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Employee who ripped off charity shop weeps in court

"She changed the process, telling her team it was because of their very high workload and it would help them out"

John Garvey

John Garvey


01635 886628

court gavel

A CHARITY shop supervisor changed the store rules so she could steal nearly £1,000.

Victoria Moores sobbed throughbout the hearing at Reading Magistrates’ Court on Thursday, January 10.

Clare Barclay, prosecuting, said: “This is a breach of trust case; theft by employee.”

She said 28-year-old Ms Moores was a supervisor at a Guide Dogs for the Blind charity shop, and in charge of public donations and cheques.

As such, the court heard, she was one of few people who had access to the keys to a safe and a locked drawer.

Ms Barclay said: “She was only supposed to be involved in locking and unlocking the doors – but she changed the process, telling her team it was because of their very high workload and it would help them out.”

In fact, she was helping herself to the public donations, magistrates were told.

Ms Barclay said that the cynical ploy came crashing down after an anonymous letter was sent to charity bosses accusing her of stealing from the charity.

She added: “The defendant was told the police would be involved...she began crying and said her sister had needed financial help.”

In fact, the court heard, Ms Moores was the one in financial trouble, having run up a £6,500 credit card bill among other debts.

Ms Moores, of Rodway Road, Tilehurst, admitted stealing from the charity shop in Reading between December 2017 and August last year.

Mike Phillips, defending, said his client had no previous convictions and suffered from “incredibly low self esteem” since a traumatic event in her childhood.

He added: “She allowed herself to be put upon tremendously [by the charity] in terms of her hours and responsibility, instead of standing up for herself and saying ‘this isn’t fair.’ This is extremely out of character for her and she is extremely remorseful.”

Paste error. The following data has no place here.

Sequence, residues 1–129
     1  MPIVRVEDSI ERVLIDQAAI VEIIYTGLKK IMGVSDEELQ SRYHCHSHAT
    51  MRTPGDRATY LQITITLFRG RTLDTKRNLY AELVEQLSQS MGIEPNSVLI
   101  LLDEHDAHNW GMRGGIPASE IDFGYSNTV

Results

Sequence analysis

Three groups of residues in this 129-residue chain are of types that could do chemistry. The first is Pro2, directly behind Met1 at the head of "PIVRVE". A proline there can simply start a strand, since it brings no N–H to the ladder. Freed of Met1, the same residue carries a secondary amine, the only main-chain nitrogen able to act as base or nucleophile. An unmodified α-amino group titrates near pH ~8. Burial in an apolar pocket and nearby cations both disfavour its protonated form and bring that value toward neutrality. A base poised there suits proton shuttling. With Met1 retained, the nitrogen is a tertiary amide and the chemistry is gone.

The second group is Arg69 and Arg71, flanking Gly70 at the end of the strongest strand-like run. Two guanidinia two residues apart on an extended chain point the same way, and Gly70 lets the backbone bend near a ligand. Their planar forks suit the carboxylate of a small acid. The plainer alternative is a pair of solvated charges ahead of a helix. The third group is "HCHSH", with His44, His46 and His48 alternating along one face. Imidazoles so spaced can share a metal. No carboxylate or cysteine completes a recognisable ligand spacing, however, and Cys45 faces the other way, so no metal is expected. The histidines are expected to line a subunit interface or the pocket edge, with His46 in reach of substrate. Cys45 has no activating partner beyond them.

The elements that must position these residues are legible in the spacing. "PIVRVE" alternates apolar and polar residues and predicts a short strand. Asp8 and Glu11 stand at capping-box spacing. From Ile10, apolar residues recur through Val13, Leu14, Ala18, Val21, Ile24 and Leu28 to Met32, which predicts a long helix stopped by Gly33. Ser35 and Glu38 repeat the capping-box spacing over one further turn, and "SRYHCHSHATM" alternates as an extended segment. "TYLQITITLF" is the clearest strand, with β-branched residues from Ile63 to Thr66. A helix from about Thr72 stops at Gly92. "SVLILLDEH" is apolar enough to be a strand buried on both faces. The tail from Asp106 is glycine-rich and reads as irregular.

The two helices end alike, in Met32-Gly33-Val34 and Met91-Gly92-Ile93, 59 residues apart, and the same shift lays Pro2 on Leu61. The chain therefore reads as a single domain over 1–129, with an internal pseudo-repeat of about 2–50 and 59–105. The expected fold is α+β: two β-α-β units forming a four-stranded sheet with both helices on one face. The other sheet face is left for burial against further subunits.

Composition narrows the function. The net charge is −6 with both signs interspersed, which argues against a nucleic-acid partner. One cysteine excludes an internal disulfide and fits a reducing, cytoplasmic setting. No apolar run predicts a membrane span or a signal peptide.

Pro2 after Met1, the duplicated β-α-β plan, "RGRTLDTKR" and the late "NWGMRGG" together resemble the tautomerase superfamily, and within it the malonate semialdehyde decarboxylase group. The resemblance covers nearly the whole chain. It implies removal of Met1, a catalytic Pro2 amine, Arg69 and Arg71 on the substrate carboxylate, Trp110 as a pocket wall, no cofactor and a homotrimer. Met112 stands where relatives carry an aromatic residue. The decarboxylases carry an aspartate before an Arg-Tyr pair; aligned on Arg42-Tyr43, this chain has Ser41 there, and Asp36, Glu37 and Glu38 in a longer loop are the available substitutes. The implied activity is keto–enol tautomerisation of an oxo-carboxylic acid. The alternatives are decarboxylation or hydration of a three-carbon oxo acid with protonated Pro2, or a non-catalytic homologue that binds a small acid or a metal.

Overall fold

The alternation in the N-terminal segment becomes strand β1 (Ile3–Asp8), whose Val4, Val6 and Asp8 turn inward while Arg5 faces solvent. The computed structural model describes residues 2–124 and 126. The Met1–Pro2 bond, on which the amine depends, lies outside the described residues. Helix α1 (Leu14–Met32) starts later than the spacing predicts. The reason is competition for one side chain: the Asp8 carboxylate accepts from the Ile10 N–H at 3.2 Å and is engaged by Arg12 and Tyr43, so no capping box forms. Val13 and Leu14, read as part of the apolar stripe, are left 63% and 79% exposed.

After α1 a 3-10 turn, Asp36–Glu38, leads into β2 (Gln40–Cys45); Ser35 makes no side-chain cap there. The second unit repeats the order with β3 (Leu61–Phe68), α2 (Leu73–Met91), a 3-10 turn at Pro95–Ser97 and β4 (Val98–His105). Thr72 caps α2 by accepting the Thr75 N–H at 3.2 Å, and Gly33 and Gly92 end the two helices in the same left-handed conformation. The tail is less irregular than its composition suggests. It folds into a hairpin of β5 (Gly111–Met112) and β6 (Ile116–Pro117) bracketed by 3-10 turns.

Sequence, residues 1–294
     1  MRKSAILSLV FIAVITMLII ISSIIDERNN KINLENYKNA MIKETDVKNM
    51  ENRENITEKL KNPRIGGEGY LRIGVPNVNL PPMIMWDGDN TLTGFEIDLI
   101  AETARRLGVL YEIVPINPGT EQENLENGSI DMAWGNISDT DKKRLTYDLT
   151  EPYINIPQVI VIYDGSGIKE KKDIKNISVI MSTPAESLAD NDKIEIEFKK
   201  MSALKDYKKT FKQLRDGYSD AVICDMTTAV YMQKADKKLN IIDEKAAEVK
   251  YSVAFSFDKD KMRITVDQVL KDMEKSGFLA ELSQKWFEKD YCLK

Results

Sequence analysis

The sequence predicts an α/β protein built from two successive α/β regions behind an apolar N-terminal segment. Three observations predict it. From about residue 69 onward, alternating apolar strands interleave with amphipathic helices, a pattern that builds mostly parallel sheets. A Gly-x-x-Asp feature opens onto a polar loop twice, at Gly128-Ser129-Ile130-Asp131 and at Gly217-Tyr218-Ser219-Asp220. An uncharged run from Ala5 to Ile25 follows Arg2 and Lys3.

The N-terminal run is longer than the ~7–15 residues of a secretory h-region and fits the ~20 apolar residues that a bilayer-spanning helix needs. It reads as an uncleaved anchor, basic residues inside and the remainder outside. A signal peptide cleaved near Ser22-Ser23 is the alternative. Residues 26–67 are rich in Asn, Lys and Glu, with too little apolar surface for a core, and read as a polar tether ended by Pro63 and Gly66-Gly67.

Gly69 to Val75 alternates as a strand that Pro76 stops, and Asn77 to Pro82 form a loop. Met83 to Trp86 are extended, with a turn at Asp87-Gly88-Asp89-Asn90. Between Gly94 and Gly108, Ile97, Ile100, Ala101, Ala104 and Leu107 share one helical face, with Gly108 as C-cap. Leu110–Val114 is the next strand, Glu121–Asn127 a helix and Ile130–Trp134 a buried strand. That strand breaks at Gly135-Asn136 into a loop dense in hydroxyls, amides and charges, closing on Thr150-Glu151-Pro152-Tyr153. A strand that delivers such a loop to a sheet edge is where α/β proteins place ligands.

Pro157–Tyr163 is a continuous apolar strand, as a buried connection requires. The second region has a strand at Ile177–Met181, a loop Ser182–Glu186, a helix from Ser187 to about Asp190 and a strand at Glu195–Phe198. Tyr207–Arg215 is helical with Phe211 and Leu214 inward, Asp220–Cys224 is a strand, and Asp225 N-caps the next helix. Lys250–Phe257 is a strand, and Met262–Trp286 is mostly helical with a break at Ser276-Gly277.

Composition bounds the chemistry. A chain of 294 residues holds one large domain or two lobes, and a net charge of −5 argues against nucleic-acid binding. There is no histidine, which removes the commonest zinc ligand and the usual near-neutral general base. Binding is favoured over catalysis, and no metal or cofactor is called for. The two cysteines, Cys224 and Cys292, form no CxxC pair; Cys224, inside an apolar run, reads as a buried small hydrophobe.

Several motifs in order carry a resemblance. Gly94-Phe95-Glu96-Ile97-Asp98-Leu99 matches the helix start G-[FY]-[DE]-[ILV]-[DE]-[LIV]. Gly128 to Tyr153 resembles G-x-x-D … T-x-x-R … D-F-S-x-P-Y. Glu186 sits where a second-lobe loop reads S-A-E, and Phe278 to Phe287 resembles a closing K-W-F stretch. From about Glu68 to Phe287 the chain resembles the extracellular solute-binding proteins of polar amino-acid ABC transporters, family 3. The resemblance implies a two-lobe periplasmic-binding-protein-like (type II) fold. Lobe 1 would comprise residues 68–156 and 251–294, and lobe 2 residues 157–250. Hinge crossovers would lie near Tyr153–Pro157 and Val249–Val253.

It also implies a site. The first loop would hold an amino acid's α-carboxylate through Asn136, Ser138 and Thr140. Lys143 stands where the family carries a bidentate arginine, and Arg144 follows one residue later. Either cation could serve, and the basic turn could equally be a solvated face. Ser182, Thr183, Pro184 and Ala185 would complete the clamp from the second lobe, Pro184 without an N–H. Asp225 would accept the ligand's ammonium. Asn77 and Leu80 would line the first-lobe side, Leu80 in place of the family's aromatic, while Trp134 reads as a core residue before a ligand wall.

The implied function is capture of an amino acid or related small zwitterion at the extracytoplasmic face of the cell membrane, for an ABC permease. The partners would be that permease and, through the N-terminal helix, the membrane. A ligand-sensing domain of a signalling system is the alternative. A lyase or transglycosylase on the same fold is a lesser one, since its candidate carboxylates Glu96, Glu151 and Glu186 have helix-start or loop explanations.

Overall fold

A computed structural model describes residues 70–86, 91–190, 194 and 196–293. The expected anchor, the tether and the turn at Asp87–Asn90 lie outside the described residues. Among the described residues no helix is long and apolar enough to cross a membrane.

Magistrates told Ms Moores her actions constituted a serious breach of trust and could have done serious harm to the charity in terms of the public’s trust in it.

She was sentenced to 18 weeks in prison, suspended for 12 months.

In addition Ms Moores was required to complete 120 hours unpaid community work and ordered to pay £85 costs plus a statutory victim services surcharge of £115.

Finally, she was ordered to pay £936 in compensation to the Guide Dogs for the Blind.

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Article comments

  • rachaele

    18/01/2019 - 10:37

    Disgusting. As a local volunteer for the guide dogs (and I've recently raised thousands for the charity) and someone who is on the waiting list for her own, it's disgusting that someone can do this. At least she has to repay the full amount. The charity are so good at vetting new volunteers too - I've never had such an intense recruitment process for a volunteer role - but I guess it's still possible for people to slip through the net. I really hope this doesn't put people off donating. They do such a wonderful job for so many people in the area. The charity has been my lifeline since I lost most of my sight following a stroke nearly a year ago.